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    • Morris, Gouverneur
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Documents filtered by: Author="Morris, Gouverneur" AND Recipient="Washington, George"
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I take the Liberty of addressing your Excellency upon a Subject so much out of my own Line, that I must be entirely in your Equity, as to the Charge of Impertinence. I hope to be acquitted. The Committee of Safety have ordered, that the sick Soldiery should be transported to an Island called little Barn Island; which was, and perhaps still is, the Property of Captn John Montresor, an Engineer...
I expected before this to have written to you “Provision is made for the American Officers” but that Thief of Time Procrastination hath kept it off from Time to Time. The Question is now an Order of the Day and as such takes Place of every other Business When it will be determined I know not but this I know that it shall be finished one Way or the other before any Thing else Let what will...
Knox is to attend the Council. Conway hath resigned & his Resignation is accepted. The Affairs of the Army are necessarily delayed by the foreign Affairs which have broken in upon us. As to the Half Pay Matters stand thus the Questions have been carried but by an Entry on the Minutes there is an Agreemt that a final Question shall be put whether it be finally determined in Congress or sent to...
Permit me to congratulate you on the passing a Resolution for a Kind of Establishment at this late Hour It is not what you wished but it may do You must pardon a little to the Republicanism of our Ideas. What is a little extraordinary there was no Dissentient State and only two Individuals Yet no Measure hath ever been more severely contested. We shall now go thro the Regimental & other...
We are going on with the regimental Arrangements as fast as possible and I think the Day begins to appear with Respect to this Business. Had our Saviour addressed a Chapter to the Rulers of Mankind as he did many to the Subjects I am perswaded his Good Sense would have dictated this Text. Be not wise overmuch. Had the several Members who compose our multifarious Body been only wise enough Our...
I wrote you a few Days ago by Colo. Johnson; as he is not yet gone, I will now add two Things I forgot to mention then. The first is that if you send any General to Rhode Island you will probably find it most convenient to get rid of Varnom, Whose Temper and Manners are by no Means calculated to teach Patience Discipline & Subordination. Congress having determined on the Affair of the...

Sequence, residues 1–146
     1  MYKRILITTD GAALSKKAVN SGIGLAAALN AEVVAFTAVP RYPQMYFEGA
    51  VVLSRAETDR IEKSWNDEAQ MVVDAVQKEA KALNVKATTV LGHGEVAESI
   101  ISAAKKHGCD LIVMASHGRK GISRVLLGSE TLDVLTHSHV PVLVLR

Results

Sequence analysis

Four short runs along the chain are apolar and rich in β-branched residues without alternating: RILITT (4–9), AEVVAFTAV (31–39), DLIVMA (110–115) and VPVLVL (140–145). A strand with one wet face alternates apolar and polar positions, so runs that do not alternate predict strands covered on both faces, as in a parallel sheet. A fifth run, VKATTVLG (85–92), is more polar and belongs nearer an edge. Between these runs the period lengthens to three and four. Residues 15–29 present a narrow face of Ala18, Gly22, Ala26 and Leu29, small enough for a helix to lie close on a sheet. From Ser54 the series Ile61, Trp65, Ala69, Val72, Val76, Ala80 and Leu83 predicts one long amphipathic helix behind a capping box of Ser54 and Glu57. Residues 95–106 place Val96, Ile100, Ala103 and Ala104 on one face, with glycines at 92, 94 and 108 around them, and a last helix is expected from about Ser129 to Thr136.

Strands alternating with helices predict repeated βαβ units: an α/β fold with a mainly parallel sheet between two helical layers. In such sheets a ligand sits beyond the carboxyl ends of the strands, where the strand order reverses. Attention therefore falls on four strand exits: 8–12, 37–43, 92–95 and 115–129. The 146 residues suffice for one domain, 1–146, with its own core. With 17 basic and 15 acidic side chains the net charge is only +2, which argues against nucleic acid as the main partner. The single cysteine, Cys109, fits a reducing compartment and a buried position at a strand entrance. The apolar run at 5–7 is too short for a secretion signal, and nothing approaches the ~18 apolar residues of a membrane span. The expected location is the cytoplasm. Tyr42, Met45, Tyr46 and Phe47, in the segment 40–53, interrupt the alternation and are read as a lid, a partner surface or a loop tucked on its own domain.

I have sent to your Addressé three Bundles containing the several Materials collected by the Committee for arrangg the army. This Business being now put under your Care I trust you will be enabled speedily to put your Army in the Situation you wish excepting always the Deficiency of Numbers which is upon the whole well enough since thereby it happens that less of the Resources of the Country...
I was in your Debt. It is my Fate always to be so with my Friends. But beleive me my Heart owes Nothing. Let me add that you can do me no Favor so great as to comply with your Wishes except an Opportunity to serve the Public which indeed is your highest Wish as you have evidenced fully to all the World & particularly to your Friends. I feel the full Force of your Reasoning. The Faith of...
I wrote you a Letter long since which went backwards & whether it hath ever Yet got so far forwards as to reach you I am utterly incapacitated even to guess trusting however that you have got or will get it I shall not from Memory repeat what if there at all is at best but faintly traced. At present I trouble you on the Subject of recruiting your Army which is at this Moment in Debate before...
I received your Favor and return you Thanks for it. The Conduct which the Enemy may pursue with Relation to us is not quite decided But I have not a Doubt but their Efforts during the next Campaign will be chiefly towards our Frontiers with a View to weary us into Submission. At the same Time they will perhaps endeavor to keep such Posts in our Country as to render the Communications tedious...